Wednesday, May 17, 2017

What Really Matters/Priorities

I've been on a cleaning spree lately. Just ask my mom. Most of last Friday night saw clothes strewn all over my queen bed, dressing table, and floor. That included clothes flung out of my suitcase. In sorting, I found clothes I forgot I had, clothes that brought back memories (good and bad), and clothes that I realized I'd never wear again. I discarded an entire kitchen-sized bag of clothes and guess what? When I finished, I had room to house most of my clothes in the closet, instead of in clothes, drawers, and that very inconvenient suitcase.

This cleaning spree started with my reading of The Life-Changing Magic of Tidying Up by Marie Kondo. The crux of the book is learning to discard any item that doesn't spark joy. Even items that might be used "someday" should be discarded if the person isn't attached. The person can always repurchase items if he or she misses them. (This point struck home for me, because I'm a major, "What if?" hoarder.) Kondo posits that doing a massive cleaning and tidying of one's home allows a reset of life and a re-focusing on priorities. I think she might be a bit ambitious, but I'm still experiencing benefits from this practice.

I haven't had time to purge all of my possessions at once, so I've been doing it little by little. I purged my purse last weekend after the Friday clothes review. In my purse, I found two old flashlights that weren't working, but were weighing down my bag. I found dozens of business cards from providers I no longer use. I gave the flashlights to Dad and trashed the cards. My purse feels so much lighter now, even with my IPhone in its Otter Box!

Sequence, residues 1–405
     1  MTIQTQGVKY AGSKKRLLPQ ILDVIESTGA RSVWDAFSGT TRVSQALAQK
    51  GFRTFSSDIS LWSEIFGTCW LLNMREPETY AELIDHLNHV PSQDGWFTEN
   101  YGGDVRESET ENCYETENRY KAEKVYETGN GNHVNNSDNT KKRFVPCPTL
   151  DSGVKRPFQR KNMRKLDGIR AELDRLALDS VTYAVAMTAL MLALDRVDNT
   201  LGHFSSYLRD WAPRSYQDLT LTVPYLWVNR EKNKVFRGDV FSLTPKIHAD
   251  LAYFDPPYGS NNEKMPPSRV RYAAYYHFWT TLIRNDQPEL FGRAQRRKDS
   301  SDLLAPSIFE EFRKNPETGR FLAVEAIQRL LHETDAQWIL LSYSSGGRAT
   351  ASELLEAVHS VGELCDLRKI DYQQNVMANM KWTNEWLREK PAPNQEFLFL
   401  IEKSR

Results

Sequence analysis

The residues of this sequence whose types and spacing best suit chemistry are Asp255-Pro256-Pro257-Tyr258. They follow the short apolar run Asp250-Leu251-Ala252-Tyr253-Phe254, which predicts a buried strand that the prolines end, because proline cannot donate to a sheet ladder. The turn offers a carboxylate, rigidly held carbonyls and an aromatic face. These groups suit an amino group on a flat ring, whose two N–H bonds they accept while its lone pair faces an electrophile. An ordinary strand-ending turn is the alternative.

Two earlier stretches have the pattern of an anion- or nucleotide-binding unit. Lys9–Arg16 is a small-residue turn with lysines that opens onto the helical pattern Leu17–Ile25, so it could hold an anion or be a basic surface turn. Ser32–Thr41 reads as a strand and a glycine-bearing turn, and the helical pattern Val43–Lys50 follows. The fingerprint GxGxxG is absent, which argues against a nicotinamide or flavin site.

This afternoon, I sorted and shredded paperwork, managing to fit the important stuff into one accordian file. Kondo suggests that individuals should keep only paperwork that they readily access, and then sort it lightly. The act of looking for paperwork afterward serves as a reminder to constantly purge it. I've obviously kept too much stuff for too long, because I purged what became bags of shredded paper.

As I've purged, I've rediscovered old treasures, like my 5K race medals, my mother's locket, and my grandmother's Ecuadorian necklace. I'm realizing what matters to me and what I'd like to display when I find my own home. This process is cathartic.

Is tidying solving all of life's problems? No. I'm experiencing a season of change and that change won't go away. Tidying gives me something to do with my restless energy, however. I feel relief when I lighten the loads of belongings piled up in my room, and in my life. Tidying isn't magic. It's a practice in prioritization.

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